The team used Ganoderma lucidum and hemp hurds for mycelium growth, as well as maple veneer for strength. The unreinforced samples were compared to the veneer-reinforced samples in pull-out, compression, and three-point bending tests. The tensile strength of the reinforcement joints was also tested.

The potential benefits of combining wood veneer and mycelium's distinct material properties, as well as methods for the design and production of architectural components were discussed, and preliminary experiment results showing the effect of veneer reinforcements on increasing bending resistance were presented. The focus was to find strategies to increase this composite's structural performance for architectural applications while retaining acceptable levels of acoustic performance.

Robotic fiber laying process: (a) Fiber laying in direction one; (b) Fiber laying in direction two; (c) Completed 2D lattice.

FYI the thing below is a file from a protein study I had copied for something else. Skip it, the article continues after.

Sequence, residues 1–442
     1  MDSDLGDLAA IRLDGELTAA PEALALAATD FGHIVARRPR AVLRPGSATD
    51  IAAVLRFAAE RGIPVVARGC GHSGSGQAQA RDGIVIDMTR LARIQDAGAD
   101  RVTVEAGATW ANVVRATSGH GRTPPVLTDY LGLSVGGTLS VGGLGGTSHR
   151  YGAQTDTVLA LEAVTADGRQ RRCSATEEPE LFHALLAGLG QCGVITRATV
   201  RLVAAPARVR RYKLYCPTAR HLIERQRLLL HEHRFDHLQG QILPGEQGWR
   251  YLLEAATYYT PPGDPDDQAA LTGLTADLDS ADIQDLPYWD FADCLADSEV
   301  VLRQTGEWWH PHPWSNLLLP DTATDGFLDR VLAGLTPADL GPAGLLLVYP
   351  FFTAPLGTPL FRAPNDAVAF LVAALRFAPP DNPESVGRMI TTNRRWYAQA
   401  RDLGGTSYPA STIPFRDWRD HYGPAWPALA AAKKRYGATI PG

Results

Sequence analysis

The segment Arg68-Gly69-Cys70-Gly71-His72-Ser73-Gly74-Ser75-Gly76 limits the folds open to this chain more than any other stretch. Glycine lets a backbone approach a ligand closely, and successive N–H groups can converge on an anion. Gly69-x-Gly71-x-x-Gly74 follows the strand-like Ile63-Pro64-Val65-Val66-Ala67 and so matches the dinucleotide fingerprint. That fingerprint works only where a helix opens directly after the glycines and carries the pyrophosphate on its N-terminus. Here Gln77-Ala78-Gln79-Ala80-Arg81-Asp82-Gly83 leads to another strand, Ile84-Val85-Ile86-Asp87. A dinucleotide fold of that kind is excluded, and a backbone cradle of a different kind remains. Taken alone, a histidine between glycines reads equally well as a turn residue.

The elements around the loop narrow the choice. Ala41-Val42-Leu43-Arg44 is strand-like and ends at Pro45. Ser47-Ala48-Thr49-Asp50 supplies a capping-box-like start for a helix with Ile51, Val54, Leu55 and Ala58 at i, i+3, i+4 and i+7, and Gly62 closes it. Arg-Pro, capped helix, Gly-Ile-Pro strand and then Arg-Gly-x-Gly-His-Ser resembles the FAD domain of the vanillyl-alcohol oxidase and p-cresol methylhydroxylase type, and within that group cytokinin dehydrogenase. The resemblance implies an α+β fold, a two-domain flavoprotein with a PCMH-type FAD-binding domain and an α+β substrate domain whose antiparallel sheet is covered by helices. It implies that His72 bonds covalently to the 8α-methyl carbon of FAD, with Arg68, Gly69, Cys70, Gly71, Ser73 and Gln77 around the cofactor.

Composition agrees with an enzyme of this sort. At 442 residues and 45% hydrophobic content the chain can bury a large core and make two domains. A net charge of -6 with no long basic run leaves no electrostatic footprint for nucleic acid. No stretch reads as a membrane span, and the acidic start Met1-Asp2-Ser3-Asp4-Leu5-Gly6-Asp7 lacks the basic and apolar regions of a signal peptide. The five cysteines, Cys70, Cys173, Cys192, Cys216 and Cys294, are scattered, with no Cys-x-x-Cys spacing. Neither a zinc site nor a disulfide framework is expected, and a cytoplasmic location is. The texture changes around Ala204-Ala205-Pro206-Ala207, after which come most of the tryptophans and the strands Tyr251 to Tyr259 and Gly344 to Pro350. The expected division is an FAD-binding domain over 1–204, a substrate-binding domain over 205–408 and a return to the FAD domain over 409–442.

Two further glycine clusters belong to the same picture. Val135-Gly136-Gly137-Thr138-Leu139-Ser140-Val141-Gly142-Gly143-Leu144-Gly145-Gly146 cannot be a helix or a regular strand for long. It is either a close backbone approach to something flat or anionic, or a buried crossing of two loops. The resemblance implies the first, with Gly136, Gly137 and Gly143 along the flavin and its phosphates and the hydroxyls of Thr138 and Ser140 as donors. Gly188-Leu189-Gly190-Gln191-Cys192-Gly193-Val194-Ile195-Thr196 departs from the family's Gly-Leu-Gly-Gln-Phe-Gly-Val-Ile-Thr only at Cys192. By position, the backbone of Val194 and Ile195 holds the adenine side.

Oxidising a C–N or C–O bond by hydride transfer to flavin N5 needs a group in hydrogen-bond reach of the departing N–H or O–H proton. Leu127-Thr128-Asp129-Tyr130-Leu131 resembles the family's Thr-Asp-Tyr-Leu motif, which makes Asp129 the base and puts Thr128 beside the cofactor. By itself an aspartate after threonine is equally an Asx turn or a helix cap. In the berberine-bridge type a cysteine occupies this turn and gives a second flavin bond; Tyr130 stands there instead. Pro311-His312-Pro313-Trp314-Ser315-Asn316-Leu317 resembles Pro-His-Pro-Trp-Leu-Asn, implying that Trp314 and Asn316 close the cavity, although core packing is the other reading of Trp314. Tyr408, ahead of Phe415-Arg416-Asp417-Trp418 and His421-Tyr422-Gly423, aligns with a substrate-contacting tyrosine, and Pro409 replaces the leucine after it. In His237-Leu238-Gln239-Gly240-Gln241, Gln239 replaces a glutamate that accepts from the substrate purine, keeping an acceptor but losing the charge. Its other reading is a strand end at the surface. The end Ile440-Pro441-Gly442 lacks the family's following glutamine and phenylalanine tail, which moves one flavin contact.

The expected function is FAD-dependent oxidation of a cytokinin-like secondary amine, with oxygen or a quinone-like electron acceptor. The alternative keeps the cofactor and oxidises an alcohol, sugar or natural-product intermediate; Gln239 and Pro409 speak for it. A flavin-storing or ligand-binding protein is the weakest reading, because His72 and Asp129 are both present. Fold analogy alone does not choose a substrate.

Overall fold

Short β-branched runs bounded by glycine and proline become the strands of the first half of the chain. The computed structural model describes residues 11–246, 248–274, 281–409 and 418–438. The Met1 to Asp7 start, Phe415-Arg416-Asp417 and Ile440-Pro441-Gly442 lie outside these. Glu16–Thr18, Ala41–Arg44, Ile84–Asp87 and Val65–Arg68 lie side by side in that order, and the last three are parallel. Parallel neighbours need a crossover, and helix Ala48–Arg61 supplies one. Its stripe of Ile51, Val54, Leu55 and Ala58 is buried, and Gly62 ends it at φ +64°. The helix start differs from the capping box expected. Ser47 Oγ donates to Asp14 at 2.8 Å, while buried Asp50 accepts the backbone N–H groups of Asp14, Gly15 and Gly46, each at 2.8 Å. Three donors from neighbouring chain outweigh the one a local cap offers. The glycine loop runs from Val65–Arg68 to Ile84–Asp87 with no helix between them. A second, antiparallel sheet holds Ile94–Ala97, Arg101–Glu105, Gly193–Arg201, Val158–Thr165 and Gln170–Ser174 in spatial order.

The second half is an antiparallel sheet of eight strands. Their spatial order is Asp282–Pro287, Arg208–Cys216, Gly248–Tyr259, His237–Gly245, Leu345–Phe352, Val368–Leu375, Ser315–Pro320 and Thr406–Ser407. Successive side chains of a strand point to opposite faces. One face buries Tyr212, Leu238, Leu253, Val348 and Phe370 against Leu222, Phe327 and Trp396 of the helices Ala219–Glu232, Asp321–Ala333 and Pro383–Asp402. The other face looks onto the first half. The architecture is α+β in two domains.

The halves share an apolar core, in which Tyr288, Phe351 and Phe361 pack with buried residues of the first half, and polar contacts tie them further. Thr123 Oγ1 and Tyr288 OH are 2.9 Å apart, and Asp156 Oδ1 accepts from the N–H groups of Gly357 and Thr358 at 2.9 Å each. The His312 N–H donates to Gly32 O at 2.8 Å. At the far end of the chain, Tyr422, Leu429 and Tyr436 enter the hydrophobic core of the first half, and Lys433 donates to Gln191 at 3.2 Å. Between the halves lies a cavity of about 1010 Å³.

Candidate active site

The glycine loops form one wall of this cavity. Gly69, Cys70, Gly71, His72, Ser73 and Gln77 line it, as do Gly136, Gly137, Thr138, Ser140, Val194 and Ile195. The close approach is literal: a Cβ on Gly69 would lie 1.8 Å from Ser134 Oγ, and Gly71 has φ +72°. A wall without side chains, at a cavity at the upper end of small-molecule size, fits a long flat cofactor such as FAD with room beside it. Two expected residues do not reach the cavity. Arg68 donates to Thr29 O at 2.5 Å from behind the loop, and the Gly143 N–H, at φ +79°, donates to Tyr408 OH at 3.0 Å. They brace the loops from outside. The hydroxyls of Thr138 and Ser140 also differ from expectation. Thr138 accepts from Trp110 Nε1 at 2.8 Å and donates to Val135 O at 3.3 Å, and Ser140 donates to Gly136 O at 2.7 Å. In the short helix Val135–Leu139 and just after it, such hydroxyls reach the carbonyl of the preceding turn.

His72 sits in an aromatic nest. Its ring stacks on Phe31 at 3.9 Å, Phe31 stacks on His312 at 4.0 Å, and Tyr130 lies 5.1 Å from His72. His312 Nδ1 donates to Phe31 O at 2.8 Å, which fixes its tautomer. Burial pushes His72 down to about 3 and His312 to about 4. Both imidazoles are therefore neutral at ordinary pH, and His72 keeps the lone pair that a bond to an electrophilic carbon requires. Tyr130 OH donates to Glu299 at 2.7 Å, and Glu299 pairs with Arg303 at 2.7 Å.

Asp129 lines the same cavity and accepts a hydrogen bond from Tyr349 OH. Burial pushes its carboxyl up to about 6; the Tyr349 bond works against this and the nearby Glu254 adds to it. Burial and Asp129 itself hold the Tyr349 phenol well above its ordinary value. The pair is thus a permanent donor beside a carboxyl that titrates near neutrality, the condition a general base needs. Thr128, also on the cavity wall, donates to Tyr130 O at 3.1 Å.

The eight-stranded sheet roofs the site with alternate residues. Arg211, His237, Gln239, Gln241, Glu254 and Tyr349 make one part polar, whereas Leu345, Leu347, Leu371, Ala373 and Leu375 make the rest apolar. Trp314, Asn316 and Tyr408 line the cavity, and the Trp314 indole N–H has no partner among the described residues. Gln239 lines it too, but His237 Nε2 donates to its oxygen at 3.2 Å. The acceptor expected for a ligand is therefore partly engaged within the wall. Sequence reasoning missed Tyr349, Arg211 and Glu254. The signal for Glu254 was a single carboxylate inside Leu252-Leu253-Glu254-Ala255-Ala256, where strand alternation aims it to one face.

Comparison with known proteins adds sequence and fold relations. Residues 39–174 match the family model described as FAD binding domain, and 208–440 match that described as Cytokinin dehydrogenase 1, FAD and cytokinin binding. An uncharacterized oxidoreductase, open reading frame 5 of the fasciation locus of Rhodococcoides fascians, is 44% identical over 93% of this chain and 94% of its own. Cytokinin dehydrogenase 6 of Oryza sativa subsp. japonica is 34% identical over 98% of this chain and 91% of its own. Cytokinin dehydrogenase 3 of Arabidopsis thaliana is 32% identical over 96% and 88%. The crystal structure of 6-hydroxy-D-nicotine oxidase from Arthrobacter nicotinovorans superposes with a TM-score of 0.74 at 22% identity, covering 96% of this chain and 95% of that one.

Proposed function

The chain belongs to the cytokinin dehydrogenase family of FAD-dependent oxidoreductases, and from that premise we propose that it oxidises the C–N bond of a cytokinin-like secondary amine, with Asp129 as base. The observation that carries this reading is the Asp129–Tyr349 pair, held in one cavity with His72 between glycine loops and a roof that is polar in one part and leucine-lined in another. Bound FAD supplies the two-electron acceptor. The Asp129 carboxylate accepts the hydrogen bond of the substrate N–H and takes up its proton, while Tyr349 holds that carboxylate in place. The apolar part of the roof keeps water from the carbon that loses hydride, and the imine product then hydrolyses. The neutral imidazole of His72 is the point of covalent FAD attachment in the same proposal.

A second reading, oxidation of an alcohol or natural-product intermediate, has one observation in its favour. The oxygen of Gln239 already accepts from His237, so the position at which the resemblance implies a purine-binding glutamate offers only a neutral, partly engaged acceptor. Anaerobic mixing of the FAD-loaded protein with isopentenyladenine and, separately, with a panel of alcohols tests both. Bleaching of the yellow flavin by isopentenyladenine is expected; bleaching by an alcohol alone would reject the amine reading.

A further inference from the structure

Robotic fiber laying process: (a) Fiber laying in direction one; (b) Fiber laying in direction two; (c) Completed 2D lattice. Image Credit: Özdemir, E et al., Biomimetics


A unique wood-veneer-derived mycelium-based composite material as a green and sustainable alternative to traditional building materials with suitable applications in the construction industry was successfully developed. Both procedures for enhancing the bending resistance of the given composites by combining compression and a topologically engineered veneer lattice with pressure and heat proved to be effective.

It was discovered that the density and arrangement of veneer lattices as reinforcing systems are inextricably linked. A single layer of the low-density veneer lattice placed at the center of the mycelium block produced the best results for lightweight blocks.